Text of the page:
Now, it is 1950, and Bernie has fled Europe. He is wanted (wrongfully) for being a war criminal after having his identity stolen but he uses his new identity to escape to Argentina. Upon arrival he finds he has exchanged the madness and machinations of the Nazi regime for that of Juan and Eva Peron's. He is forced into taking on a murder mystery that has occurred within the German (Nazi) émigré community, a brutal murder that bears a stark resemblance to a brutal unsolved murder Gunther investigated in the 1930s in Berlin. The book progresses on two paths. The first path is Gunther's reflections back on the unsolved Berlin murder and the second involves his current investigation. The paths not being parallel finally merge and Gunther is left to deal with the startling consequences of his investigation.

Quiet Flame is an entertaining story and one that lives up to the high quality of Kerr's writing in his previous Gunther novels. His characterization of Gunther is first rate even if he never really fleshes out the characters of his secondary protagonists. Gunther is portrayed with a great deal of nuance. There is goodness about him but he is fully aware of how unclean his hands are. This nuanced look makes the more black-and-white portrayal of the Argentine and German bad guys seem somewhat superficial. That's not a major issue though as the excellent portrayal of Gunther and the book's pacing kept me turning the pages. It's easy to paint a decent, flawed man with nuance but pretty hard to avoid the broad strokes when dealing with unrepentant killers.

All-in-all this is a worthy addition to the Bernie Gunther series. L. Fleisig
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VINE VOICEon 28 July 2012
At the end of If the Dead Rise Not, Bernie Gunther was escaping to Argentina. In A Quiet Flame he has arrived, though not quite left Berlin behind. The story alternates between Germany in 1932 and Argentina in 1950. As with all Philip Kerr's work, the research has been formidable, the personal traits of Peron and Evita vouched for in an after note. But the downside is a plethora of authentic but small, irrelevant details (Augustin Magaldi came on Radio El Mundo singing Vagabundo. This had been a huge hit for him in the thirties) that stretches the book to more than 400 pages.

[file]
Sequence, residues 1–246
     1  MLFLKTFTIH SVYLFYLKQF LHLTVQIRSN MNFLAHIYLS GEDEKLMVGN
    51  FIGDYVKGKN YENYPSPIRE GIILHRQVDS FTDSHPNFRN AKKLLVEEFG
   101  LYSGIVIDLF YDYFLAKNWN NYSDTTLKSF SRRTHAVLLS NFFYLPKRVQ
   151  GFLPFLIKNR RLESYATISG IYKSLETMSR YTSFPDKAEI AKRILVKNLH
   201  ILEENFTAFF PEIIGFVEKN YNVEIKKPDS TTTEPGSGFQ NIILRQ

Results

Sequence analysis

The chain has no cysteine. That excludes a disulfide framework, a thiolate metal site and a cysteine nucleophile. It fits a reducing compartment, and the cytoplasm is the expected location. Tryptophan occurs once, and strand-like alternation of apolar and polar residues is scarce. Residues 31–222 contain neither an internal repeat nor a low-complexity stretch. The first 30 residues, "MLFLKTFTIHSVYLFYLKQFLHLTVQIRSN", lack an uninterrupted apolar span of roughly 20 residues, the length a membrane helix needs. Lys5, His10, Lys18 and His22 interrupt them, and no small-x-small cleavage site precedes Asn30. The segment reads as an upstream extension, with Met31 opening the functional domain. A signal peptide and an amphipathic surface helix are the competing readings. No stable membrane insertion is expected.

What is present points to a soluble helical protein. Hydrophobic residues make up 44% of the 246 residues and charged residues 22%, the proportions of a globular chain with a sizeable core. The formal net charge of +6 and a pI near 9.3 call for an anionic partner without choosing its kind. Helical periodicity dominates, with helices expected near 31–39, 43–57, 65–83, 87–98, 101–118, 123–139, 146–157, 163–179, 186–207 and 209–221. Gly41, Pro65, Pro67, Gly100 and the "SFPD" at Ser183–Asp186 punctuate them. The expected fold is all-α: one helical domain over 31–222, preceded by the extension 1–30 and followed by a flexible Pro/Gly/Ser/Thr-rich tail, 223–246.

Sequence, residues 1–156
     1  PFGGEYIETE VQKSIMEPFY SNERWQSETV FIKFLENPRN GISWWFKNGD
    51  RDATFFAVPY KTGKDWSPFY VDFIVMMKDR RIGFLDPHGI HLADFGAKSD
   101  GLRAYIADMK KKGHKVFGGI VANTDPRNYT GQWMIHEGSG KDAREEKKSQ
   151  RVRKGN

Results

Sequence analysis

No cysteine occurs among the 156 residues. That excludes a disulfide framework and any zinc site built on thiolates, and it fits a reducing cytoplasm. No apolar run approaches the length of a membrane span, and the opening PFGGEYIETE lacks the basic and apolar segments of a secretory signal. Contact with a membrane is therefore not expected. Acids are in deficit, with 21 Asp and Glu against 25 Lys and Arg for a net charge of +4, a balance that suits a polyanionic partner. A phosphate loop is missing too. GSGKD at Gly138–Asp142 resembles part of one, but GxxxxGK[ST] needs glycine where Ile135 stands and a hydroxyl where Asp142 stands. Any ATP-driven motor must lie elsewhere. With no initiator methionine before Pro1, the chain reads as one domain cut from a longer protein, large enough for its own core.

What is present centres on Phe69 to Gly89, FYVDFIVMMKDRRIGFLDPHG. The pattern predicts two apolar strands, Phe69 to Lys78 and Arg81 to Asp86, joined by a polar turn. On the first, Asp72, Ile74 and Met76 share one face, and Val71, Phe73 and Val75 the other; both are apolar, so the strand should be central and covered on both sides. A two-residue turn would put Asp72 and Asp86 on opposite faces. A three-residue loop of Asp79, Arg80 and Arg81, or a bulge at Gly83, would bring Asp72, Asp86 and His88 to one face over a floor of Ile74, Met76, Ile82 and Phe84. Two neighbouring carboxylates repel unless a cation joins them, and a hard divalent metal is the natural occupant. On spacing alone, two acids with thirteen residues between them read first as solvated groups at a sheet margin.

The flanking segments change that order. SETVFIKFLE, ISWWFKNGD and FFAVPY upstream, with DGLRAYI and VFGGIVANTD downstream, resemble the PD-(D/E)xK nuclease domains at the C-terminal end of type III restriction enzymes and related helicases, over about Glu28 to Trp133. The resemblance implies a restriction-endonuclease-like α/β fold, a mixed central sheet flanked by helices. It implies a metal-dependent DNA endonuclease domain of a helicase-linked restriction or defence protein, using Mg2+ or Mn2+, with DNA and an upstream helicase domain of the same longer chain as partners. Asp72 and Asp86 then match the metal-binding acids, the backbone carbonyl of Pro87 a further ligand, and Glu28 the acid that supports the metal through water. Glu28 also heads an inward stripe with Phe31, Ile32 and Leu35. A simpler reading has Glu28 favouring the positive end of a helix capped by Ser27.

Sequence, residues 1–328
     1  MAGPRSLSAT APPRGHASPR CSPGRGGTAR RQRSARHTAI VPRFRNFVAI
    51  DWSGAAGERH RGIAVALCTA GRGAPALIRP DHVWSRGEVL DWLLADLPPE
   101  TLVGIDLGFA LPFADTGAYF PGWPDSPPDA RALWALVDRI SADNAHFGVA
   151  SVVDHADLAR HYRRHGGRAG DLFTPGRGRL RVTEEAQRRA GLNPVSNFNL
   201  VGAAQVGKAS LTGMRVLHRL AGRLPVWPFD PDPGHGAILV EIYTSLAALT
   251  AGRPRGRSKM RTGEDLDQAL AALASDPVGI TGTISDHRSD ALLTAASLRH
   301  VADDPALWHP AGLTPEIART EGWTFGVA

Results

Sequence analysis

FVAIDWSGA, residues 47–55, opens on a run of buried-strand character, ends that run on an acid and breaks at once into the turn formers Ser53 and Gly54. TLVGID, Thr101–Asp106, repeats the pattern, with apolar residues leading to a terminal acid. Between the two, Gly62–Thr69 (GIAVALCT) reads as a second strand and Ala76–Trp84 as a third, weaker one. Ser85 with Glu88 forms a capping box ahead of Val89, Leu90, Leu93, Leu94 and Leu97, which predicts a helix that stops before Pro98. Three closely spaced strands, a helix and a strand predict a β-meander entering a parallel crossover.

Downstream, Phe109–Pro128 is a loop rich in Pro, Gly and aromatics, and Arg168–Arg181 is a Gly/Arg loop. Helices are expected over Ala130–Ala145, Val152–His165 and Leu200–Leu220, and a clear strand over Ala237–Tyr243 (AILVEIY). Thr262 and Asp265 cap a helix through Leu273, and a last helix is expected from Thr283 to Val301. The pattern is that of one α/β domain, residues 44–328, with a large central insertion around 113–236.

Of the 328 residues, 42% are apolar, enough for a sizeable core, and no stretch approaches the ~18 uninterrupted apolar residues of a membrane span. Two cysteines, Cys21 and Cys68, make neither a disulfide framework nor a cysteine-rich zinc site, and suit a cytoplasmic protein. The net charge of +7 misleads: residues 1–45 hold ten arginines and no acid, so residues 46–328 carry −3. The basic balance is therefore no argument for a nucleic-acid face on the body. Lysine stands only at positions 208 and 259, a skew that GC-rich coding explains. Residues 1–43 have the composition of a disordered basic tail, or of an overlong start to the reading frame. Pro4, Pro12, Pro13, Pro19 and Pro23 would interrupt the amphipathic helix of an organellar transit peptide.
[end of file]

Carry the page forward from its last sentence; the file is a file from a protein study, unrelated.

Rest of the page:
The reason for the dual locations is the similarity between an investigation Bernie undertook in Berlin and another he is pitched into in Buenos Aires. For the first half of the book these are virtually two separate stories, requiring the reader to reorientate and remember every thirty or so pages. The final unravelling depends heavily upon an improbable confession by a minor character and leads to even more unlikely melodrama.

Followers of Philip Kerr will find here all the author's characteristics - good and bad.
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on 1 February 2010
Absolutely Brilliant. I loved this book . great story. exciting location. and more character development. you can read this as a stand alone novel but the best way is as part of the series.You learn so muh more with each story and Bernie Gnther is becoming one of the most rounded detectives in fiction. One quibble he finds a babe every where, they fall for him and it doesn't work out ( no further spoilers) A love interest is all very well but it all seems to easy. Any way i am already to follow Bernie to Cuba.
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At the end of the fourth Bernie Gunther mystery, The One From the Other: A Bernie Gunther Mystery (Bernie Gunther Mystery 4), Bernie was headed for Argentina. The beginning of this novel sees him arriving in Buenos Aires in 1950. Admittedly, he could be a little confused about where he actually is, as it seems most of the German SS have set up a new life in South America and he is constantly running into old colleagues - and some of the most wanted men in the world.